Using social media and his connections with environmental organizations, human rights defenders, and groups like Anonymous, Sánchez was able to reach his target audience. Nearly 60% of the views on YouTube were directed to the video through Facebook. YouTube awarded the video a “Bronze Trending Medal” after it received nearly 1 million views and over 3,500 comments in the span of one week.
Although protests against the dam began in 2008, the issue has not received much mainstream attention. In the past week, national news sources and radio programs have upped their coverage, provoking a defensive response to the video from the President of Colombia. Sánchez believes that many journalists have avoided discussing the El Quimbo project for fear of reprisal from the government (Reporters Without Borders lists Colombia in the top 40 most dangerous countries for journalists).
Suggestions for other Video for Change Filmmakers
“If you can reach the hearts of the people, of the masses, they will be more open to finding out the truth,” says Sánchez. He believes that a filmmaker’s use of images, sound, voices, and colors, can inspire viewers to seek out more information and become more engaged.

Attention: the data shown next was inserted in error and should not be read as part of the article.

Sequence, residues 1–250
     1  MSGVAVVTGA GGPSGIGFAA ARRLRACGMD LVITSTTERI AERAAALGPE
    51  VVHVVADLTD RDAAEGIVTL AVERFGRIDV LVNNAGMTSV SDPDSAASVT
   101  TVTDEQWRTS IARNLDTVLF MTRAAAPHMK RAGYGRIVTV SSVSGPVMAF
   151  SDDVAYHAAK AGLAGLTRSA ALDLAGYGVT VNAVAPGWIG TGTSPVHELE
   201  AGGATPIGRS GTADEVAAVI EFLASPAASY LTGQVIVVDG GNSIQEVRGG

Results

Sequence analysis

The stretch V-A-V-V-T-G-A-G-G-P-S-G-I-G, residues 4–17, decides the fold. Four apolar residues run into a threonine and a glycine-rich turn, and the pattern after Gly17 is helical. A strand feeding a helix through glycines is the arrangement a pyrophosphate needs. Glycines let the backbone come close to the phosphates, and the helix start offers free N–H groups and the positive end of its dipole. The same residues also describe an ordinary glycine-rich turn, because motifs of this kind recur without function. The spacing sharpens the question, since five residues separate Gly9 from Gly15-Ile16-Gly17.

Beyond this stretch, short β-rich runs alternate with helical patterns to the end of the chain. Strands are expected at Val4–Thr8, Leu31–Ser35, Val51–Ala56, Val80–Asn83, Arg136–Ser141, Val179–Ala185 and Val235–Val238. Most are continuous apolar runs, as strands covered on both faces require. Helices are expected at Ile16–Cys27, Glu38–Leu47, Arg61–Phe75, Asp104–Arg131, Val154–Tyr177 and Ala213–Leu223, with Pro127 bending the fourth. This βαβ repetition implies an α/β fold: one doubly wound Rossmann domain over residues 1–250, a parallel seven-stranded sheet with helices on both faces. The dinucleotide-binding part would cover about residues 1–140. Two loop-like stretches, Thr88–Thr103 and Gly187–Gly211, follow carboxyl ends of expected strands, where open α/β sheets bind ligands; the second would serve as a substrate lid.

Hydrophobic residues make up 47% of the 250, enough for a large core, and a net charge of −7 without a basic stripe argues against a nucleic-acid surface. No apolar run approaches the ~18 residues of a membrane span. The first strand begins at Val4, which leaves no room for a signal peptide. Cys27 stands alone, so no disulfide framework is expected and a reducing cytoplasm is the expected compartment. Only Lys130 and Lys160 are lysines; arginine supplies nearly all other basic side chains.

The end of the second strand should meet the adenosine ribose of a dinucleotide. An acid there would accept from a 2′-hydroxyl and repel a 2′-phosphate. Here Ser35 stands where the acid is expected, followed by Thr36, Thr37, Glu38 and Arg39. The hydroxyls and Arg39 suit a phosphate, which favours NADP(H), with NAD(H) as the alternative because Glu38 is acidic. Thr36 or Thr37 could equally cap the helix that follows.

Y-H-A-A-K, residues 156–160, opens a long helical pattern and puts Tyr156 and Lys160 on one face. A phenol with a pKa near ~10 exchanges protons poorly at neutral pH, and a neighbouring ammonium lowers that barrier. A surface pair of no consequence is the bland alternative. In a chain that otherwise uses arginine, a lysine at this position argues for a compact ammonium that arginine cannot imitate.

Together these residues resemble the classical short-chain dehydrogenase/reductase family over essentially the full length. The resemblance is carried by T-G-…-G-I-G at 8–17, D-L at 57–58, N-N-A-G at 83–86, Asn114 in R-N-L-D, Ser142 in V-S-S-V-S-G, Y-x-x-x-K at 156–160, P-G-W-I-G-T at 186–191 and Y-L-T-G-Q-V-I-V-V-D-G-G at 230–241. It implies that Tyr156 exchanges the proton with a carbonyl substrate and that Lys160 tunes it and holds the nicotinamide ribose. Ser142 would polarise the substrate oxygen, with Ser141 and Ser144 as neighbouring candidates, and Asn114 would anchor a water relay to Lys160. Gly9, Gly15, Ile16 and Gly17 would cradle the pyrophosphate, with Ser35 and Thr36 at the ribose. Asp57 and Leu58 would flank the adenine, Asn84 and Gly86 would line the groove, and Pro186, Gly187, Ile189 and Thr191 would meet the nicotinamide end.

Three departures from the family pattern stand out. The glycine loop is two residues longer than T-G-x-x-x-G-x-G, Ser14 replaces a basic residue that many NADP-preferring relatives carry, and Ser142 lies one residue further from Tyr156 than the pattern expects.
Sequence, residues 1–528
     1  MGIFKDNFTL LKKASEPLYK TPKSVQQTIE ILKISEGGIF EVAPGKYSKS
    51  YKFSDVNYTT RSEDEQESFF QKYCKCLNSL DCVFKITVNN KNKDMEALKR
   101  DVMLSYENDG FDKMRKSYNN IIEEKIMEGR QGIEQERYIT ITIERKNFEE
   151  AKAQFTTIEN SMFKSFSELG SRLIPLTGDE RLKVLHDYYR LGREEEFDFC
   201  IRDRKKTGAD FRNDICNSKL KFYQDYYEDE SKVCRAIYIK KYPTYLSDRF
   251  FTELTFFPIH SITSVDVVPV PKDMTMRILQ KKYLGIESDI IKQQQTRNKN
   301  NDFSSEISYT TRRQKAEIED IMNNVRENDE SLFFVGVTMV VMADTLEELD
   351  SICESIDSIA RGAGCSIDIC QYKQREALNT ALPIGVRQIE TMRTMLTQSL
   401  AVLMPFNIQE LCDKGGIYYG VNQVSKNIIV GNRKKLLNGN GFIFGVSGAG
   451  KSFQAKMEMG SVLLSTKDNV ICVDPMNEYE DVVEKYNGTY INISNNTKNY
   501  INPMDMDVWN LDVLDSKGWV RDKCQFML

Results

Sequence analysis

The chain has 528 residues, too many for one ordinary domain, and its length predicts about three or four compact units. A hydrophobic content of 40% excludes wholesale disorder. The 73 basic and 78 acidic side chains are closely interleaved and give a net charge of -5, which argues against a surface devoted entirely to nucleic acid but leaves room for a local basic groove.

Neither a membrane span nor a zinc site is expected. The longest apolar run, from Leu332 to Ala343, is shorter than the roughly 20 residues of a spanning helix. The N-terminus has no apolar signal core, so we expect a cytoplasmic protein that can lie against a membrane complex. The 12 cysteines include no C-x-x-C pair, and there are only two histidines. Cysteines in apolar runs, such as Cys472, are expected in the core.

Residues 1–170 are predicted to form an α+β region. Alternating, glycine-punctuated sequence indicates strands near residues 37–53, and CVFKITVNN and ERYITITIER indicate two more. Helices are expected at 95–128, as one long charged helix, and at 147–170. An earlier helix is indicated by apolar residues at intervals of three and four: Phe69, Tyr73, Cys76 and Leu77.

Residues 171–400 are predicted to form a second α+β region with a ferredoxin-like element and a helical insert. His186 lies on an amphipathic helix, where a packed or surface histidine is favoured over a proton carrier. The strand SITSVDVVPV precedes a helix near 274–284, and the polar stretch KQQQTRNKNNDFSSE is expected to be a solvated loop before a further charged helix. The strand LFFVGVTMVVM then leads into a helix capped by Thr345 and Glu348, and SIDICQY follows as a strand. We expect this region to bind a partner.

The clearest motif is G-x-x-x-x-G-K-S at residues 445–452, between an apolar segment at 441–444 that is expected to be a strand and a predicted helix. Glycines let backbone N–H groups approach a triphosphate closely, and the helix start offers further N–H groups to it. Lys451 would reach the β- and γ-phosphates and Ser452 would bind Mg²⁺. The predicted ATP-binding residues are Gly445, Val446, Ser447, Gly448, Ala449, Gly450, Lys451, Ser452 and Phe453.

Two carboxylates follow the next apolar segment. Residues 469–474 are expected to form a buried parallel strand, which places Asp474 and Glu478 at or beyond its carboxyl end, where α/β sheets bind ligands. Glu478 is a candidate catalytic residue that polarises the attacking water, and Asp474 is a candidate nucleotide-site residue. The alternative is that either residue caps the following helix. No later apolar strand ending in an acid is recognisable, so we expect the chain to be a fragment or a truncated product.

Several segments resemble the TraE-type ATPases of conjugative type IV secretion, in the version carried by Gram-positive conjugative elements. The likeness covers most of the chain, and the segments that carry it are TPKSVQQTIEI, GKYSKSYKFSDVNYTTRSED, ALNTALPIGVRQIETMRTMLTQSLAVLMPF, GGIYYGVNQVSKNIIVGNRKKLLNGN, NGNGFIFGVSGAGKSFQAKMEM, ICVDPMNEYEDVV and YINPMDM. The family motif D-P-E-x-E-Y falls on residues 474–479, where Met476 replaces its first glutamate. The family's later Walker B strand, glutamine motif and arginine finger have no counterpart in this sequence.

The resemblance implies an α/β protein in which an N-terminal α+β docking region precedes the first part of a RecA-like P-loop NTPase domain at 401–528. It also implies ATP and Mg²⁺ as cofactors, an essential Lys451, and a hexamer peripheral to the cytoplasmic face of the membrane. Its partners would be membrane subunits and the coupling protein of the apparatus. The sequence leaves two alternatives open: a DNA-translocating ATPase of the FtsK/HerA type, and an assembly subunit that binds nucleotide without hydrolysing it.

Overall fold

- On March 6, EMGESA is scheduled to divert a large section of the Magdalena River, a major step forward in the construction of the dam. Protesters are already reoccupying the disputed shores and ASOQUIMBO is calling for action February 28-March 7.
- See this list of international events [Eng/Sp]
- Sign a petition from CENSAT and International Rivers [Eng]
- Handout an informative flyer from the ‘Polinizaciones’ blog [Eng]
Follow On Twitter: #Quimbo, #opquimbo, #noalquimbo
- Press release from CENSAT
- Earth First News In the Path of the Mining-Energy Locomotive—Resisting Colombia’s Quimbo Hydroelectric Project
- International Rivers Colombia’s El Quimbo in Limbo
- Press release from CENSAT
- Schedule of events from Ríos Vivos (PDF)
- Get updates from the ‘No Al Quimbo’ blog
March 14th is International Day of Action for Rivers. Find out about events in your area. Read more about how other communities have used video to mobilize communities against dam projects around the world.